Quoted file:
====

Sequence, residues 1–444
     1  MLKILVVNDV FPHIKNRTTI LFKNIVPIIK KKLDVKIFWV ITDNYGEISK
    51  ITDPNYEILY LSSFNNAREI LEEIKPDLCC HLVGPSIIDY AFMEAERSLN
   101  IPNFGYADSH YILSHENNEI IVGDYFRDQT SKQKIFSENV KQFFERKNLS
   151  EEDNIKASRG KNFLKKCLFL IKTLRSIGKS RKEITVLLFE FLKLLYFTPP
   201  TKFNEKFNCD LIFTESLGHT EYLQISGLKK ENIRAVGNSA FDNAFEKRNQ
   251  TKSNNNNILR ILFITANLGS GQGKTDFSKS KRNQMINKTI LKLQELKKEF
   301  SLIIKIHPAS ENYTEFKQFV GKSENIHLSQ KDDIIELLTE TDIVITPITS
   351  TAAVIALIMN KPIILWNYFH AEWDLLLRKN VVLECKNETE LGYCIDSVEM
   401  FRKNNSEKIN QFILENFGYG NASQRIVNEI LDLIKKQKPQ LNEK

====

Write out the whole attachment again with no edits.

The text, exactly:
Sequence, residues 1–444
     1  MLKILVVNDV FPHIKNRTTI LFKNIVPIIK KKLDVKIFWV ITDNYGEISK
    51  ITDPNYEILY LSSFNNAREI LEEIKPDLCC HLVGPSIIDY AFMEAERSLN
   101  IPNFGYADSH YILSHENNEI IVGDYFRDQT SKQKIFSENV KQFFERKNLS
   151  EEDNIKASRG KNFLKKCLFL IKTLRSIGKS RKEITVLLFE FLKLLYFTPP
   201  TKFNEKFNCD LIFTESLGHT EYLQISGLKK ENIRAVGNSA FDNAFEKRNQ
   251  TKSNNNNILR ILFITANLGS GQGKTDFSKS KRNQMINKTI LKLQELKKEF
   301  SLIIKIHPAS ENYTEFKQFV GKSENIHLSQ KDDIIELLTE TDIVITPITS
   351  TAAVIALIMN KPIILWNYFH AEWDLLLRKN VVLECKNETE LGYCIDSVEM
   401  FRKNNSEKIN QFILENFGYG NASQRIVNEI LDLIKKQKPQ LNEK